On cross-examination, Dr. Wentz by way of explanation testified: "The letter has some erroneous portions. This letter was dictated a year after surgery and I had the impression that this fracture had slipped or rotated when I saw the x-ray on November 3, 1969. At that time of the operation, I found that the fracture had not slipped. It was indeed quite firmly attached in a side-to-side position, and the fracture had to be disrupted using a sharp, strong instrument, and this time including a hammer .... It had to be disrupted to relocate the fractured ends, and then put them in a better position, using a Rush pin. . . . The terms that I used in this letter, including the term `complete separation of this healing fracture,' I will repudiate at this time.. . .Yes, I would also repudiate the statement `In summary, I think that we cannot be certain as to when fracture position was lost.'"
In a further effort to show the collapse caused a refracture the plaintiff called Dr. Dorman, also a qualified expert in orthopedics. In answer to a hypothetical question, Dr. Dorman stated that the collapse of the rig could, or might have caused a refracture. However, when the extent of the healing process disclosed by the x-rays and the operation was included in the question, Dr. Dorman said that his opinion would be the collapse did not cause a refracture.
The plaintiff was without expert or other testimony showing negligence in installing or maintaining the light rig. All the testimony was to the contrary. All the damages and all liability alleged in the complaint are grounded on negligence in the installation and maintenance of the auxiliary rig resulting in a refracture. "A party is bound by his pleadings and, unless withdrawn, amended, or otherwise altered, the allegations contained in all pleadings ordinarily are conclusive as against the pleader." Davis v. Rigsby, 261 N.C. 684, 136 S.E.2d 33. Rule 15(b), Rules of Civil Procedure is inapplicable in this case. Here the pleadings specifically raise the issues. Roberts v. Memorial Park, 281 N.C. 48, 187 S.E.2d 721.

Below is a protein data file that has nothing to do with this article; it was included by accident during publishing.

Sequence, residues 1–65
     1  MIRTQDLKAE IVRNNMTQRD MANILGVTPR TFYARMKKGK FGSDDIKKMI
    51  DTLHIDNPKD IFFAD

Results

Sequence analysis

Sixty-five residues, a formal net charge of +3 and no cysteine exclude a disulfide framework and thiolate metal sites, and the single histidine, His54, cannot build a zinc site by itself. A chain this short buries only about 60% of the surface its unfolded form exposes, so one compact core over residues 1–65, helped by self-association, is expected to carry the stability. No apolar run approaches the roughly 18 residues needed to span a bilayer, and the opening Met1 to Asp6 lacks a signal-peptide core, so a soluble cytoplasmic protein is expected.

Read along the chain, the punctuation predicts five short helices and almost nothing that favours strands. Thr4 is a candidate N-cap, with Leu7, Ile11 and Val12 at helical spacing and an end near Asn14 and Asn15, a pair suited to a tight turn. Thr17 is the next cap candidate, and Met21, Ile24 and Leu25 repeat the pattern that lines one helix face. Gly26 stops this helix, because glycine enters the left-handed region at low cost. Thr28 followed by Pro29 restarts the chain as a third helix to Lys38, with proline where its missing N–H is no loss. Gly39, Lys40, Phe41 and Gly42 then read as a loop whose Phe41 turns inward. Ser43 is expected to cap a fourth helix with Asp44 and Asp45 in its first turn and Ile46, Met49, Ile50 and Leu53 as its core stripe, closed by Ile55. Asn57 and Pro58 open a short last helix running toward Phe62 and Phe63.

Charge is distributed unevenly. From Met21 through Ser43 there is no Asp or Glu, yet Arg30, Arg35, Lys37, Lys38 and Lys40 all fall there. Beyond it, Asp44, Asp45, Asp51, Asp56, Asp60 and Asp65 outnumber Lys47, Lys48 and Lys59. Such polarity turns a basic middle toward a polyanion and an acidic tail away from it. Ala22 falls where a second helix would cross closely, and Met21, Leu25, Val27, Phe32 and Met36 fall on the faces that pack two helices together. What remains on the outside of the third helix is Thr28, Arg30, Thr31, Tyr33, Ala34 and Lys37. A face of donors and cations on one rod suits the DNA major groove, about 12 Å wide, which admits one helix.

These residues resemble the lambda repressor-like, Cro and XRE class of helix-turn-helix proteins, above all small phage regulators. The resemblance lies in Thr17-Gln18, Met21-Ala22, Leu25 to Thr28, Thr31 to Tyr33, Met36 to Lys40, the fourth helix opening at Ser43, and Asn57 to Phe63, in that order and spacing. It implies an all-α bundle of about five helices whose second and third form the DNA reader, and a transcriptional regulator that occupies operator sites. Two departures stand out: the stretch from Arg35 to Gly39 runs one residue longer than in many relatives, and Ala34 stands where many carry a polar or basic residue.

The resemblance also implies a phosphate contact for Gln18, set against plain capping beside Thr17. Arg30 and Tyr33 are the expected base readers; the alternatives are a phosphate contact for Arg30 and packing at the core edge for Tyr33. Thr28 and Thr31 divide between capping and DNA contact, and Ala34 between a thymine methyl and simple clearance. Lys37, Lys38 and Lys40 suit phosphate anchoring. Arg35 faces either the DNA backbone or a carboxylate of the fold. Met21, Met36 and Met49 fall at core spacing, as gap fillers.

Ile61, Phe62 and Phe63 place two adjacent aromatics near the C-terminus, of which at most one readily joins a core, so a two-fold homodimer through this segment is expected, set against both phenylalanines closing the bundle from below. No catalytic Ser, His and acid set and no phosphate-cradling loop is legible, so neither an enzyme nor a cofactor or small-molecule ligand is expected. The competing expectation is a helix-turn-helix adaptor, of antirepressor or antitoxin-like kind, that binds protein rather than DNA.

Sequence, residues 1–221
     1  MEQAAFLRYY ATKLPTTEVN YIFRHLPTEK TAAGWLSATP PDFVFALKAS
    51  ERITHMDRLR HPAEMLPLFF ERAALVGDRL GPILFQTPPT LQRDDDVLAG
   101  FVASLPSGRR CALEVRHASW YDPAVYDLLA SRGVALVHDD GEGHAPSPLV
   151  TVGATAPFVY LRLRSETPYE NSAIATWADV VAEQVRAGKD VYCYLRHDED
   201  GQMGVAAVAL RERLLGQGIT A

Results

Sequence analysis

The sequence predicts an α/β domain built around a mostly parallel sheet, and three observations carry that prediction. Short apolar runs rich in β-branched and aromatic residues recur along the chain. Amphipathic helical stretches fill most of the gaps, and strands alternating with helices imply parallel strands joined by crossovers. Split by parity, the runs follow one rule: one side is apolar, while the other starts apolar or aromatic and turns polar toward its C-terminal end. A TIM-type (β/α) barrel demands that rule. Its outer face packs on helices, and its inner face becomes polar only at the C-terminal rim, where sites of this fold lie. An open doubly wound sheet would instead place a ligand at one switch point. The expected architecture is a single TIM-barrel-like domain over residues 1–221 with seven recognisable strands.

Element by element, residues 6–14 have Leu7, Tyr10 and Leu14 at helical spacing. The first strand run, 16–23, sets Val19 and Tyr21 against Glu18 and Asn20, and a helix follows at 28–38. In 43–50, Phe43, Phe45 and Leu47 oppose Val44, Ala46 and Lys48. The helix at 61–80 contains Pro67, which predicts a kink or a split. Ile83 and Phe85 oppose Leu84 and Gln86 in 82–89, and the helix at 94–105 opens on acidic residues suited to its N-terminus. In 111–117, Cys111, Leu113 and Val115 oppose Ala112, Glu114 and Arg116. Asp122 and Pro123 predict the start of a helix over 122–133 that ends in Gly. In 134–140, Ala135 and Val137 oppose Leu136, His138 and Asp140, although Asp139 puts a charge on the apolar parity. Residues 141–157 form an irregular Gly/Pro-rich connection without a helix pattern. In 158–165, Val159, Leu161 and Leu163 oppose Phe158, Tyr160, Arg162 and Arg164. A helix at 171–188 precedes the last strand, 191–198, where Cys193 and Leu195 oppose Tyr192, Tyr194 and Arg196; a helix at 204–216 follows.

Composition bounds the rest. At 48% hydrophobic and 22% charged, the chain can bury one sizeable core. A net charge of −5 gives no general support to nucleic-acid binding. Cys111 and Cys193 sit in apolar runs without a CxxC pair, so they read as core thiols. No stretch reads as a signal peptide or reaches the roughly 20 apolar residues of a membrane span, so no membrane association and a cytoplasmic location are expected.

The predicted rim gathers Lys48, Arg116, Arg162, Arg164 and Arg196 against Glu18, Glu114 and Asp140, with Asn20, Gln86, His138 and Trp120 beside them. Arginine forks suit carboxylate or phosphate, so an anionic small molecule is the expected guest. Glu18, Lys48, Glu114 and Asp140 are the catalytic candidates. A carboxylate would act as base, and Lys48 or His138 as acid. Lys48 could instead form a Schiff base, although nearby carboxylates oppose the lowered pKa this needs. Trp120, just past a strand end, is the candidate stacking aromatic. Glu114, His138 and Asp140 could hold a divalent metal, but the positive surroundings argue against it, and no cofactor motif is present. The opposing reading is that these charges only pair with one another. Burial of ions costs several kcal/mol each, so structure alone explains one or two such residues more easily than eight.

Prior to the adoption of the new Rules of Civil Procedure, the plaintiff would have been precluded from offering Exhibit No. 27 for the purpose of impeaching the testimony of her witness Dr. Wentz. The old rule is stated in 7 Strong N.C. Index 2d, Witnesses, § 4, page 694: "Since a party calling and examining a witness represents him to be worthy of belief, he may not impeach the credibility of such witness, even though the witness is the adverse party." Powell v. Cross, 263 N.C. 764, 140 S.E.2d 393. However, the new Rules of Civil Procedure have made significant changes. Rule No. 43(b) provides: "Examination of Hostile Witnesses and Adverse Parties.A party may interrogate any unwilling or hostile witness by leading questions and may contradict and impeach him in all respects as if he had been called by the adverse party."
Under the new rule, Dr. Wentz, though called by the plaintiff as her witness, *395 nevertheless may be impeached by his letter. Apparently the letter could be treated as an admission against interest. Wilson County Board of Education v. Lamm, 276 N.C. 487, 173 S.E.2d 281.
Even if it be found the letter (Exhibit No. 27) is an admission against interest, nevertheless the letter in no wise suggests there was negligence in the use or maintenance of the light rig, causing its collapse. A showing of negligence in such matters was vital to the plaintiff's case. By failure to show the negligence alleged in the complaint, the plaintiff has failed to carry the burden of proof.
The judgment in the superior court and the decision of the Court of Appeals are supported by the record and are in accordance with our case law. This conclusion is sustained by the following and many other authoritative decisions of this Court. In the light of the pleadings, the evidence, and the principles of law hereinafter discussed, no issue of fact triable by a jury was presented. Hence, Judge Peel was required to grant defendants' motion to dismiss. Cutts v. Casey, 278 N.C. 390, 180 S.E.2d 297; Rule 50(a), Rules of Civil Procedure, G.S. § 1A-1.